"It's not that we're dumb. We're wired to avoid pain and pursue pleasure and security. It feels right to sell when everyone around us is scared and buy when everyone feels great. It may feel right-but it's not rational."
-From The Behavior Gap

 


Why do we lose money? It's easy to blame the economy or the financial markets-but the real trouble lies in the decisions we make.

As a financial planner, Carl Richards grew frustrated watching people he cared about make the same mistakes over and over. They were letting emotion get in the way of smart financial decisions. He named this phenomenon-the distance between what we should do and what we actually do-"the behavior gap." Using simple drawings to explain the gap, he found that once people understood it, they started doing much better.

Richards's way with words and images has attracted a loyal following to his blog posts for The New York Times, appearances on National Public Radio, and his columns and lectures. His book will teach you how to rethink all kinds of situations where your perfectly natural instincts (for safety or success) can cost you money and peace of mind.

He'll help you to:



   • Avoid the tendency to buy high and sell low;
   • Avoid the pitfalls of generic financial advice;
   • Invest all of your assets-time and energy as well as savings-more wisely;
   • Quit spending money and time on things that don't matter;
   • Identify your real financial goals;
   • Start meaningful conversations about money;
   • Simplify your financial life;
   • Stop losing money!

 

It's never too late to make a fresh financial start. As Richards writes: "We've all made mistakes, but now it's time to give yourself permission to review those mistakes, identify your personal behavior gaps, and make a plan to avoid them in the future. The goal isn't to make the 'perfect' decision about money every time, but to do the best we can and move forward. Most of the time, that's enough."

Whenever I tell people about my job as a financial advisor, the conversation inevitably turns to how hopeless they feel when it comes to dealing with money. More than once, they’ve begged, “Just tell me what to do.”

It’s no surprise that even my most successful friends feel confused or paralyzed. Even if they have a shelfful of personal finance books, they don’t have time to make sense of all the information available. They don’t just want good advice, they want the best advice—so rather than do the “wrong thing,” they do nothing. Their 401(k) and bank statements pile up, unexamined or maybe even unopened.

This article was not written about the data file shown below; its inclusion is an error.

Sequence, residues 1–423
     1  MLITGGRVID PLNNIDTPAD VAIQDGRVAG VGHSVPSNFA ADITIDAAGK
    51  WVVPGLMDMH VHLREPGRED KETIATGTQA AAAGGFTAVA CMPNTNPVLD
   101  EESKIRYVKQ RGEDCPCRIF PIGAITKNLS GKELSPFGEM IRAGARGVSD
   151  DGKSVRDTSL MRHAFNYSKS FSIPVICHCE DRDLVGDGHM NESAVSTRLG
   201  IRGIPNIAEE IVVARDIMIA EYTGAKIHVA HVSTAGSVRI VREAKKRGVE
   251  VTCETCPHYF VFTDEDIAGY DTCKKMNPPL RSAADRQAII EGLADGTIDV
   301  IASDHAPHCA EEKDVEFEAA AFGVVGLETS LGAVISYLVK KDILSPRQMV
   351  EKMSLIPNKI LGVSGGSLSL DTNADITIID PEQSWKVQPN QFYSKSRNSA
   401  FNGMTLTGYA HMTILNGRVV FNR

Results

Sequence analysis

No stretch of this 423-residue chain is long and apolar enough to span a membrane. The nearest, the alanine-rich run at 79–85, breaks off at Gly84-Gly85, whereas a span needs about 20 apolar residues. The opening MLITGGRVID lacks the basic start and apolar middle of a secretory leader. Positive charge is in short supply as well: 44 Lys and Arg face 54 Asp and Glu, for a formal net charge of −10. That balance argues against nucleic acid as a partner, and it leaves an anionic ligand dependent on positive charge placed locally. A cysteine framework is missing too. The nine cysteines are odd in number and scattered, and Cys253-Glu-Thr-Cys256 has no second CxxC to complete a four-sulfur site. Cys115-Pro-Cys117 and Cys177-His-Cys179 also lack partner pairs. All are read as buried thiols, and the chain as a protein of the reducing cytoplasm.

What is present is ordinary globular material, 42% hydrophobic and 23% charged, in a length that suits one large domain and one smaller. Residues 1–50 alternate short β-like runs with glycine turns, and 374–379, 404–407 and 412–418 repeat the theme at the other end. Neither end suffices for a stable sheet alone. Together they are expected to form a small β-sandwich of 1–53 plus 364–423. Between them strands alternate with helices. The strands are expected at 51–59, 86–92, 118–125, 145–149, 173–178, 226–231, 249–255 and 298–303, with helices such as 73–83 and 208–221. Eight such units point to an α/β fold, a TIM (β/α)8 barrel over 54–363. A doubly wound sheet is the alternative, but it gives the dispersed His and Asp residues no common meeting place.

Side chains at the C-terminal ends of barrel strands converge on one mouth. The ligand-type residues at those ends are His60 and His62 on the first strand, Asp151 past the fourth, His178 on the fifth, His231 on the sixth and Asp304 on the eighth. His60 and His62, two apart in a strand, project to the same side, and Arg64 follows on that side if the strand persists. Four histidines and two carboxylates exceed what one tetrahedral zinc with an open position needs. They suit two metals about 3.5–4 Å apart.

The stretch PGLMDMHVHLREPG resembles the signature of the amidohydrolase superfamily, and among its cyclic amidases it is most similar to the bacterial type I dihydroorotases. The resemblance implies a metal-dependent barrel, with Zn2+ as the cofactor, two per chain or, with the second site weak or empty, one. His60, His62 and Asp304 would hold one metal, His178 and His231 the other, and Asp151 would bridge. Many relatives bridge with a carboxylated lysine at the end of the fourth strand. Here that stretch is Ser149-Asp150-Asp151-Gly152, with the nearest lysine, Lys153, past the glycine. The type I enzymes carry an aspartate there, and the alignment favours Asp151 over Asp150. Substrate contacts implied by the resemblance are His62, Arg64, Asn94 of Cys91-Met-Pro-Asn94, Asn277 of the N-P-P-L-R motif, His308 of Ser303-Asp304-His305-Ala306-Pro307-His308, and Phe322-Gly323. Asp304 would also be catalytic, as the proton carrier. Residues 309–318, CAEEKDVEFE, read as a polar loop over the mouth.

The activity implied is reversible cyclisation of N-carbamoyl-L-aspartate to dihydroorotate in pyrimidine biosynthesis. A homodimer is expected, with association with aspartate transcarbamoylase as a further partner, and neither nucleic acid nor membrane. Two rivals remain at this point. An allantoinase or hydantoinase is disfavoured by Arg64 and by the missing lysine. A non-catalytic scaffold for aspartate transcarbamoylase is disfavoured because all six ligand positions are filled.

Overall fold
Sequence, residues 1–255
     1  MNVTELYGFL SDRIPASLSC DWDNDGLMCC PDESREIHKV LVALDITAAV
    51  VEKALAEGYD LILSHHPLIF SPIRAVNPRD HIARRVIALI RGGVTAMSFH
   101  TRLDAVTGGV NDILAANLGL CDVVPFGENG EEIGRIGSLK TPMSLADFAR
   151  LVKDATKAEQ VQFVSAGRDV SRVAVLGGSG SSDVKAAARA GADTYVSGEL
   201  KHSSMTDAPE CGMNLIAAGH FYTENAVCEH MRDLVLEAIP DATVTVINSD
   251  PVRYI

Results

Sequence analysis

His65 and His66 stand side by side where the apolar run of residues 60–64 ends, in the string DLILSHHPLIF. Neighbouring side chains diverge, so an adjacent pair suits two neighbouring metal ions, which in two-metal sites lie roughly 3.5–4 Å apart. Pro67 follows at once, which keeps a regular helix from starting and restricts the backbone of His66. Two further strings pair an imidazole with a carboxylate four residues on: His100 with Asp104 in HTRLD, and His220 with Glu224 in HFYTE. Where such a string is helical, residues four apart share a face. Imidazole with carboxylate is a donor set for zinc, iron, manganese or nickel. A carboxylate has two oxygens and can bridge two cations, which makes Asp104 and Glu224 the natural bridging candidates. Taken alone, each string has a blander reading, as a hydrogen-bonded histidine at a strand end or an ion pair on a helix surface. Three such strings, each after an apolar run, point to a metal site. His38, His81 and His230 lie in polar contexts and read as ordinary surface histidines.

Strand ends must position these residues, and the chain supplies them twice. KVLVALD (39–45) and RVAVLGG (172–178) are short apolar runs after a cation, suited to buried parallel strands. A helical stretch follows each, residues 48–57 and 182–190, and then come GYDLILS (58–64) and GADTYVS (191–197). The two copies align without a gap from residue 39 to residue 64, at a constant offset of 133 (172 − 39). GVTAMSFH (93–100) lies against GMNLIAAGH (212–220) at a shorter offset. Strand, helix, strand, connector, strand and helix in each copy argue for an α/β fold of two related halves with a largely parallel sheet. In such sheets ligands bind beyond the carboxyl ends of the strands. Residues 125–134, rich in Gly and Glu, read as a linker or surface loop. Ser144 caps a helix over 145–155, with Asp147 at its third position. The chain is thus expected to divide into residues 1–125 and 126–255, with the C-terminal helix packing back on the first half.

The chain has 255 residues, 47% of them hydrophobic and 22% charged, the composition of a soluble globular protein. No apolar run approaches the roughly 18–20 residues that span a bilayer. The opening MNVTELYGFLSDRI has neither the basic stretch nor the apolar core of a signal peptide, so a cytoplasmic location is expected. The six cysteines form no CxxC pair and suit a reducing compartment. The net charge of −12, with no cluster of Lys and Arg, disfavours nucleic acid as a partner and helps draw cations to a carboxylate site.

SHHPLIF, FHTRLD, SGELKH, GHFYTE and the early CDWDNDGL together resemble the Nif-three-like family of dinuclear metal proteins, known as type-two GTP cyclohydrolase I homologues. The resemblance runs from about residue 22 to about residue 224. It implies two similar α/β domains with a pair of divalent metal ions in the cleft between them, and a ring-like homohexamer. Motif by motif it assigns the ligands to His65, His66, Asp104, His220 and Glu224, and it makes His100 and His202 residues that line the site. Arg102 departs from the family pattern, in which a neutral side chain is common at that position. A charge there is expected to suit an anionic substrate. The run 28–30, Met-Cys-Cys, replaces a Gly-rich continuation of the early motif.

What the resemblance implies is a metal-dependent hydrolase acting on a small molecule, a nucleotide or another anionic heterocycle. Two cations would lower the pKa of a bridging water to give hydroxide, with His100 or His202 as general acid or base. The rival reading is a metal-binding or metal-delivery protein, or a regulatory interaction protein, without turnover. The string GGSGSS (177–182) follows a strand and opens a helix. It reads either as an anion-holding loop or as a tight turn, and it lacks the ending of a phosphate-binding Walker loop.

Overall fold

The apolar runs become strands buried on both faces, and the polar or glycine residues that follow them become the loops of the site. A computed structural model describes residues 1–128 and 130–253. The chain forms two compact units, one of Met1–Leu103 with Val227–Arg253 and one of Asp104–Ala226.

What they don’t realize is that bad calls about money aren’t failures; they’re just what happens when emotional creatures have to make decisions about the future with limited information. What I tell them is that we need to scrap striving for perfection and instead commit to a process of guessing and making adjustments when things go off track. Of course we’re going to make the best guesses we can—but we’re not going to obsess over getting them exactly right.

The fact is, in a single page you can prioritize what you really want in life and figure out how to get there. That’s because a great financial plan has nothing to do with what the markets are doing, what your real estate agent is pitching, or the hot stock your brother-in-law told you about. It has everything to do with what’s most important to you.

By now you may be wondering, “What about the details? How much do I need to invest each year, and how do I allocate it? How much life insurance do I need?” Don’t worry: I’ll cover those topics and many more, sharing strategies that will take the complexity out of them.

The most important thing is getting clarity about the big picture so you can cope with the unexpected. Maybe you’ll lose the job you thought was secure; you’ll take a financial risk that doesn’t pan out; you’ll have twins when you were only budgeting for one. In other words: Life will happen.

But no matter what happens, this book will help you bridge the gap between where you are now and where you want to go.

When it was originally published in 1971, Selective Trout was universally acclaimed as the most revolutionary approach to aquatic insect imitation in the twentieth century. Using common sense, science, and imagination, authors Doug Swisher and Carl Richards developed a wide array of new patterns that were in sharp contrast to those offerings used by American fly fishermen up to that time. Their radical no-hackle dry fly, in particular, proved to be a more convincing, natural silhouette than anything anglers had ever seen before. With hatch charts covering different regions of the country, and featuring detailed tying instructions for flies that could be used in those regions, all liberally illustrated, the book provided anglers with a new arsenal of deadly fly patterns. Thirty years later, and after more than 200,000 copies of the first edition had been sold, a Thirtieth Anniversary Edition was brought out. Updated and revised by the authors, with new observations on trout behavior as well as detailed instructions on how to keep useful fishing logs, the book also featured detailed appendices on terrestrials, mayflies, caddisflies, and stoneflies. Not only that, but the new edition included hundreds of color illustrations by the renowned artist and fly-fishing innovator Dave Whitlock. It’s hard to imagine how anything could top that. In this new paperback edition of Selective Trout we know that we can’t top what’s been done previously. But we do know that this deserves to stay in print, because it’s the type of book that every fly fisherman should own and read. To add a new twist to this new edition, what we have done is added a new introduction by Doug Swisher (Carl Richards passed away in 2006), plus a new foreword by Nick Lyons, the book publisher who had the foresight to get behind the book in the first place.